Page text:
An Italian court has ruled that Prince plagiarized a 1983 Italian disco tune when he wrote his 1995 hit “The Most Beautiful Girl in the World.” The original song by Bruno Bergonzi and Michele Vicino, “Takin’ Me to Paradise,” appeared on a number of dance compilations in the early 80s. But how convincing is the evidence? Are we to really believe that Prince — a prodigiously creative musician who has probably written more music than anyone else alive — stole someone else’s tune?
The evidence hinges on 10 notes, which are the melody in the chorus of the Bergonzi/Vicino song as well as the recurring melodic motif in the Prince song:
Chorus from “Takin’ Me to Paradise” by Bergonzi and Vicino
This is such a brief, basic melodic fragment that it is difficult to claim that anyone “owns” it. Its core repetition in Prince’s song, however — basically establishing the structure of the entire song through both verse and chorus, a common R&B trait — ends up defining the song. And that’s what made him vulnerable to the charge of plagiarism.
It’s possible that Prince heard the tune years earlier and it unconsciously resurfaced in his writing. But it’s also possible that the melodic fragment, as simple as it is, was picked up separately by each composer. It’s fairly obvious that “The Most Beautiful Girl in the World” is the better of the two songs, bringing out the latent sensuality in the unaccented downbeats of the melody. But that’s irrelevant from a legal standpoint.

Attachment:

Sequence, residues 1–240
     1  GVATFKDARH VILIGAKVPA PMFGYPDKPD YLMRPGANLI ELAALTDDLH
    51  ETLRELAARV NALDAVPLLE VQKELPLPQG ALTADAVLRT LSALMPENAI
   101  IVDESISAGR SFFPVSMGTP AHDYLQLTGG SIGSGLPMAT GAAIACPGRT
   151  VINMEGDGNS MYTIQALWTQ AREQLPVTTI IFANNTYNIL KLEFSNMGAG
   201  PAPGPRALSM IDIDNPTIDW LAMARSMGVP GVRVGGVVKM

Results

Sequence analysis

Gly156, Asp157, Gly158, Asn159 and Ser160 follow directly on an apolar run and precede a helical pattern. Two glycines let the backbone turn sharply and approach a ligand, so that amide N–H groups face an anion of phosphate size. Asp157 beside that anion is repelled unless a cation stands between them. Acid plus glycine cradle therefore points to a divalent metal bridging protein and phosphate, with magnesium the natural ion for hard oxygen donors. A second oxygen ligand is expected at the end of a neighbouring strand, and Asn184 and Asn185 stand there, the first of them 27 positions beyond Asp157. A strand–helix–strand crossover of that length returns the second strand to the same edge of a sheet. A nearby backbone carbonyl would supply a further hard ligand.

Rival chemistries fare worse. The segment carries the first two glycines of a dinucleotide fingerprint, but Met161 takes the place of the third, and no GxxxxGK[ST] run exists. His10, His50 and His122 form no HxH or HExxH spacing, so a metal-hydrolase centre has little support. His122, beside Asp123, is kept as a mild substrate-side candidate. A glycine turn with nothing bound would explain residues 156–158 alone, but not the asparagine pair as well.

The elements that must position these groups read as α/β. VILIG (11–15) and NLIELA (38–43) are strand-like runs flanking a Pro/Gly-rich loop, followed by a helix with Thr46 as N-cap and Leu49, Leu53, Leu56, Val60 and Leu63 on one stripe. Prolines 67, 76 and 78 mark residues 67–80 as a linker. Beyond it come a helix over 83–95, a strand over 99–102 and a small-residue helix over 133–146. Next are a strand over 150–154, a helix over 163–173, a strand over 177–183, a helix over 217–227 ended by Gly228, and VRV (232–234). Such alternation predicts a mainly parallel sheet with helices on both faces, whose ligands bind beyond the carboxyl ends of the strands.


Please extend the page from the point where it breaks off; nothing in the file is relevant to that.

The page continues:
The case has dragged on for at least 15 years (apparently Italian courts are even slower than American courts). While the original court decision in 2003 rejected the plagiarism claim, the case was appealed and resulted in the current ruling. There must still be a third and final hearing for the decision to stand, however, which may take several more years. Under the ruling, Prince must cease distributing the song in Italian territory. He may also be liable for royalties to the Italian duo.
Compare the melody in the verse of the two songs below. Did John Legend rip off the Classics IV? Or is this another case of a simple melodic pattern appearing decades apart?
And that’s the gray area of copyright infringement. It’s not as objective as it would seem, and different people can have different perspectives about the same music. If you were a judge in the case against Prince, how would you rule?
[Photo courtesy of Micahmedia, Wikipedia, licensed under Creative Commons Attribution-ShareAlike license]